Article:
Over time, your preschooler will also come to understand that written English consists of letters and groups of letters that stand for a series of sounds — sounds that get translated into meaning. This letter-sound association is known as phonics, and phonics set the stage for reading.
The Alphabet, Letters, and Their Sounds
Phonics helps your child understand the relationship between letters (graphemes) and individual sounds (phonemes). Eventually he will be taught, for example, that the letter B stands for the sound you hear at the beginning of the word "ball." Making this phonics association will help him more accurately read familiar words, analyze new words, and write words.
Quick and Easy Phonics Activities
There are a number of ways in which your child develops early phonics skills, making that all-important letter-sound connection. Here are a few fun, simple activities you can do at home to further increase your child's phonics awareness:
1. Sing the alphabet song. Be creative — sing it as a rap, skip every other letter, start the song beginning with the letter of your child's name, sing the alphabet backwards, quietly, or loudly.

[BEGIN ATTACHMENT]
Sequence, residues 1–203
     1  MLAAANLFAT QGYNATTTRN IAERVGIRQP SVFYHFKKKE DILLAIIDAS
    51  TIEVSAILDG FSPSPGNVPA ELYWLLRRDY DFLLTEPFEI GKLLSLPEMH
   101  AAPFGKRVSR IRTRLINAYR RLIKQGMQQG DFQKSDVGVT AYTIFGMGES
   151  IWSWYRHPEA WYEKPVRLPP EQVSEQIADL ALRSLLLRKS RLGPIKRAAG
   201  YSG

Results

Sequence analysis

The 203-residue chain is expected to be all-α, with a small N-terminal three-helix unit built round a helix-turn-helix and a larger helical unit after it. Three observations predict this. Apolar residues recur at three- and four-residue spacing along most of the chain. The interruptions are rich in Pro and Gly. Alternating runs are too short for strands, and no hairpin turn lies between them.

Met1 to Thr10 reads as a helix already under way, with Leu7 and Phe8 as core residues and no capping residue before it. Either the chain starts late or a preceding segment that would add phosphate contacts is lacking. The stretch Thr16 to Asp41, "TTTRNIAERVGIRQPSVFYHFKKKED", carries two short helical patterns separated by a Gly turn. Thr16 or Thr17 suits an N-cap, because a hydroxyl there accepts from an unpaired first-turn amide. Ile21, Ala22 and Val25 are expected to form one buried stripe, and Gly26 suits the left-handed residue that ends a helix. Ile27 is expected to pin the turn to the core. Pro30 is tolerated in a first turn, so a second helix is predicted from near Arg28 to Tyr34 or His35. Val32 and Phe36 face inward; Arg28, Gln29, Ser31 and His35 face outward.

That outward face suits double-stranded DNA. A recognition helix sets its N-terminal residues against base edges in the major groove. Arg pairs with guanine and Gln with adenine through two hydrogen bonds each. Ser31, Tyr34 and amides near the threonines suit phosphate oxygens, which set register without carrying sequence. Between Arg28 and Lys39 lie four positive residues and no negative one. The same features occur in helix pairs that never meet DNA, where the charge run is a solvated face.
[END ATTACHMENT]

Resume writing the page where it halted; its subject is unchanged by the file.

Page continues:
2. Play with letters. Set up a place in your home where your child can see and work with letters. Magnet letters are good for refrigerator word play.
3. Play "I Spy." Invite your child to play a guessing game. Without revealing it to her, select an object in the room and provide phonics clues to help her guess what it is.
4. Share alphabet books. Alphabet books provide perfect at-home opportunities for learning about phonics and working with letters and words. Wonderful books for preschoolers include:
ABC I Like Me by Nancy L. Carlson
Ashanti to Zulu: African Traditions by Margaret Musgrove
Dr. Seuss's ABC by Dr. Seuss
Chicka Chicka Boom Boom by Bill Martin, Jr. and John Archambault
The Calypso Alphabet by John Agard
Eating the Alphabet: Fruits and Vegetables From A to Z by Lois Ehlert